The Nashville Inn

The First Nashville Hotel

The epicenter of social life for the early Democratic Party

The Nashville Inn, built in 1783, was the first hotel in Nashville. It stood at the corner of 2nd Avenue and modern-day Union Street. Considered one of the grandest hotels in the South, it hosted many historic figures such as one of Nashville’s founders, James Robertson, and former Vice President Aaron Burr. Among its most frequent visitors was General, and future President, Andrew Jackson. Jackson's homecoming from the War of 1812 and his victory in the Battle of New Orleans was said to have been celebrated at the inn. Jackson and his wife, Rachel, frequented the hotel whenever they visited Nashville, and the hotel quickly became an epicenter of social life for the Democratic Party. The inn was also where one of Jackson's famous duels took place. He was challenged by Thomas Hart Benton and Jesse Benton and was almost killed. He stayed at the inn for three weeks while recuperating.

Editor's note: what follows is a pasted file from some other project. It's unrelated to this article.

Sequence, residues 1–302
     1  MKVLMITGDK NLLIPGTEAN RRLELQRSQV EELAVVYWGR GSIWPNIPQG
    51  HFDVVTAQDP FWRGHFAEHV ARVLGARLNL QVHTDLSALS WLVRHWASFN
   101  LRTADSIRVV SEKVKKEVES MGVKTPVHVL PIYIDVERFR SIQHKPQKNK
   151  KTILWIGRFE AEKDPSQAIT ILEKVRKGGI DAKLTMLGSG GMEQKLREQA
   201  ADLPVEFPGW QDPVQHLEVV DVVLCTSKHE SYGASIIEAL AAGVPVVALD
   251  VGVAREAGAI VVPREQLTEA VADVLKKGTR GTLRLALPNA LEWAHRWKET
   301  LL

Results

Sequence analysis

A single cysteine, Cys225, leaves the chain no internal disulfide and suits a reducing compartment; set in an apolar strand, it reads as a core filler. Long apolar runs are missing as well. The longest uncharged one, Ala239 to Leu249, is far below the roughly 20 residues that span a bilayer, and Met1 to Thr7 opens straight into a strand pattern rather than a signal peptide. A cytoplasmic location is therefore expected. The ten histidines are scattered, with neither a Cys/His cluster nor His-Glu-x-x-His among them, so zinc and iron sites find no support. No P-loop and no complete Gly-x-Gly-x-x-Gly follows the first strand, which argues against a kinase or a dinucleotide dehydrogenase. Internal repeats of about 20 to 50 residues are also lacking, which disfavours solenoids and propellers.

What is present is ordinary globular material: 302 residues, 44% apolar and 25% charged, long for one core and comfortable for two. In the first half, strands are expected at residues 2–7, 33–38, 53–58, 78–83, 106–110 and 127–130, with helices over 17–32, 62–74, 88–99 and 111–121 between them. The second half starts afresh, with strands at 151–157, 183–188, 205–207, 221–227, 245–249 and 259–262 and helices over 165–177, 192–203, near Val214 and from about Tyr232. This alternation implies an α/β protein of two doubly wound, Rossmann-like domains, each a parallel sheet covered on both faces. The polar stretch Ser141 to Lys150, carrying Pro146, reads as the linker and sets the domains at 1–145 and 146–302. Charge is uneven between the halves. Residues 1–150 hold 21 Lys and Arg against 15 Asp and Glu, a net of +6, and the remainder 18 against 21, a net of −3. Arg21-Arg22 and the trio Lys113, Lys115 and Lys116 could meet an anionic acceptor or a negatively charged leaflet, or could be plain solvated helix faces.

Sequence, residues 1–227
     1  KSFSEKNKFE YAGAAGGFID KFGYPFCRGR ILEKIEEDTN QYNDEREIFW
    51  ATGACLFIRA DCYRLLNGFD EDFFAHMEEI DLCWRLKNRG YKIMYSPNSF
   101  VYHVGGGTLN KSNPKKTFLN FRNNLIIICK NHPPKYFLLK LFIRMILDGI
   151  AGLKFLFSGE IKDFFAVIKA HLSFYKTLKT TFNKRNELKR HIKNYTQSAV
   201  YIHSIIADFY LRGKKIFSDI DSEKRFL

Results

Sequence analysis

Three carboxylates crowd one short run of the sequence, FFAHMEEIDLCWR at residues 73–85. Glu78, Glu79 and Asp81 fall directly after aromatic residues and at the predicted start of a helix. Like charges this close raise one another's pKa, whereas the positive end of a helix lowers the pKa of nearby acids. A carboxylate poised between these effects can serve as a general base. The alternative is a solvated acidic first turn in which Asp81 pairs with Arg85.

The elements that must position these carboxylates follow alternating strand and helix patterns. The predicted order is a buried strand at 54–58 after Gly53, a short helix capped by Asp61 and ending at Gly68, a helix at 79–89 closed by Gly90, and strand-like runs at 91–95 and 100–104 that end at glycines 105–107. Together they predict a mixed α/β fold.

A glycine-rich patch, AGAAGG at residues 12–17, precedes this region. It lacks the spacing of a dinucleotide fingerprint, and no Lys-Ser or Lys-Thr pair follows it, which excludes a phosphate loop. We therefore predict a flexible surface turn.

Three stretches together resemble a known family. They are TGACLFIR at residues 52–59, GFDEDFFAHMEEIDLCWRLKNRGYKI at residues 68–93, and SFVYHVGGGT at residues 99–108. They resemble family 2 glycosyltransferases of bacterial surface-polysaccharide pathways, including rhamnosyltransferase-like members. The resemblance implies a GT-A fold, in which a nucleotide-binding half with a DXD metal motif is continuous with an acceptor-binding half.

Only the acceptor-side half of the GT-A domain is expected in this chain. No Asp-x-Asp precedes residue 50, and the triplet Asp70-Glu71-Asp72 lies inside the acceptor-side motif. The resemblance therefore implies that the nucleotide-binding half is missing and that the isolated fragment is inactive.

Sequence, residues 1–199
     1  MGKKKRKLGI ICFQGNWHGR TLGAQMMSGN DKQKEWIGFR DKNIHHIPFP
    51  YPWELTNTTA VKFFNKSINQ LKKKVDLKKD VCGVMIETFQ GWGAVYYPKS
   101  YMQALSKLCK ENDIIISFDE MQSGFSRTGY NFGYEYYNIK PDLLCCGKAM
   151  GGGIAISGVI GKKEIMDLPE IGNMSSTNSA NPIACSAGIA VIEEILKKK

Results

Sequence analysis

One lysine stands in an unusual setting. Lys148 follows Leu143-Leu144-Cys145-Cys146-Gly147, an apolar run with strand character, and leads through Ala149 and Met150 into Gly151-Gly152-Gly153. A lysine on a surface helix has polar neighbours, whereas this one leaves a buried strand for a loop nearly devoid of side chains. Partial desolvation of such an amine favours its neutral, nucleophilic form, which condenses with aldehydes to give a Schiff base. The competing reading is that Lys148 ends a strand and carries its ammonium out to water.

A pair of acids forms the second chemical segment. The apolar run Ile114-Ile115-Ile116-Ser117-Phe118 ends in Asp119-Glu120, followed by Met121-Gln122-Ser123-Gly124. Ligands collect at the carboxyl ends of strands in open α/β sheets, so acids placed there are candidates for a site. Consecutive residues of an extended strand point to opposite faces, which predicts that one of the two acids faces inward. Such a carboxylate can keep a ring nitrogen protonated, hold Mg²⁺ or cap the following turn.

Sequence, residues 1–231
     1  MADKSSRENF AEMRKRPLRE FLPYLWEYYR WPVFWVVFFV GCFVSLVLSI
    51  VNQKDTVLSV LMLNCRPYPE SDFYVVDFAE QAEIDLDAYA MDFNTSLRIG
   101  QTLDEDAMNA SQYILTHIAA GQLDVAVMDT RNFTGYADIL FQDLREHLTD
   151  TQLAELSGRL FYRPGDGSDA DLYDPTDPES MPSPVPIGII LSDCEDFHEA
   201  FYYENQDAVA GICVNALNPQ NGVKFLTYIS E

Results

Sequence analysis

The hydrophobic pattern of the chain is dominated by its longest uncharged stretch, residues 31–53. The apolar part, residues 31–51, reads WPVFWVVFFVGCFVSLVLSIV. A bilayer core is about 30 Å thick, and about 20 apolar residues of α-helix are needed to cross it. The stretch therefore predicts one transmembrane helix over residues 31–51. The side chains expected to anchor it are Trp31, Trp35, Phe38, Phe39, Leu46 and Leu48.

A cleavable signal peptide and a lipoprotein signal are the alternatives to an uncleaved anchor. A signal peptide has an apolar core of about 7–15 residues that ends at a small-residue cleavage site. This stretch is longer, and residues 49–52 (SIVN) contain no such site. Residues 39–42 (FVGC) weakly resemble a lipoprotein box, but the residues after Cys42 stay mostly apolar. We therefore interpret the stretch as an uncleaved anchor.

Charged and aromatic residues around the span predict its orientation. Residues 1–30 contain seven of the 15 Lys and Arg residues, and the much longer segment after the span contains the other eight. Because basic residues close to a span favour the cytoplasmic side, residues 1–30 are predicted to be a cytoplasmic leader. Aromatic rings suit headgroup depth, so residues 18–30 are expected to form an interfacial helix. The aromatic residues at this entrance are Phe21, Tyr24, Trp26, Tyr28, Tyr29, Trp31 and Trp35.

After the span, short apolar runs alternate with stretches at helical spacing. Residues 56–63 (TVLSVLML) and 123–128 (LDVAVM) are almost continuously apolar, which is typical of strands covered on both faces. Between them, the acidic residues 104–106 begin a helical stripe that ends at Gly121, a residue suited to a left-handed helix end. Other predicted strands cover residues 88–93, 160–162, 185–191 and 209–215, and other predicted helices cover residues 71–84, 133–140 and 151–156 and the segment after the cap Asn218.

The inn hosted other events as well, serving as Tennessee governors’ favorite site for hosting parties for dignitaries such as Martin Van Buren, James Monroe, and the future King of France, Louis Phillipe. During its operation, it served as the center of Nashville's high society, hosting weddings, balls, and other events for the Nashville elite. While the inn didn’t last long due to a fire in 1856, it helped establish Nashville as a hub of Southern politics and society.